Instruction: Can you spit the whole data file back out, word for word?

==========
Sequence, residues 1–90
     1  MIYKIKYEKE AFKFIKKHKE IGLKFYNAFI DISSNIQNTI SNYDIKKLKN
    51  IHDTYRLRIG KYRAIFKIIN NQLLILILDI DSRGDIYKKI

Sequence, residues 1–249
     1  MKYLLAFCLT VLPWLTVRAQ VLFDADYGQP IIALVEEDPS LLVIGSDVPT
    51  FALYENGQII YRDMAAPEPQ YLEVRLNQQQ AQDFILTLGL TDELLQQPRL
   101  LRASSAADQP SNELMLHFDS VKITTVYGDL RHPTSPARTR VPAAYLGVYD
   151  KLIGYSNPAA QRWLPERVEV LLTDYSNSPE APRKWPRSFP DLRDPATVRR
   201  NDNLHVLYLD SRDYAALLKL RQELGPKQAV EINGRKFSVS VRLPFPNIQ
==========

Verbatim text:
Sequence, residues 1–90
     1  MIYKIKYEKE AFKFIKKHKE IGLKFYNAFI DISSNIQNTI SNYDIKKLKN
    51  IHDTYRLRIG KYRAIFKIIN NQLLILILDI DSRGDIYKKI

Sequence, residues 1–249
     1  MKYLLAFCLT VLPWLTVRAQ VLFDADYGQP IIALVEEDPS LLVIGSDVPT
    51  FALYENGQII YRDMAAPEPQ YLEVRLNQQQ AQDFILTLGL TDELLQQPRL
   101  LRASSAADQP SNELMLHFDS VKITTVYGDL RHPTSPARTR VPAAYLGVYD
   151  KLIGYSNPAA QRWLPERVEV LLTDYSNSPE APRKWPRSFP DLRDPATVRR
   201  NDNLHVLYLD SRDYAALLKL RQELGPKQAV EINGRKFSVS VRLPFPNIQ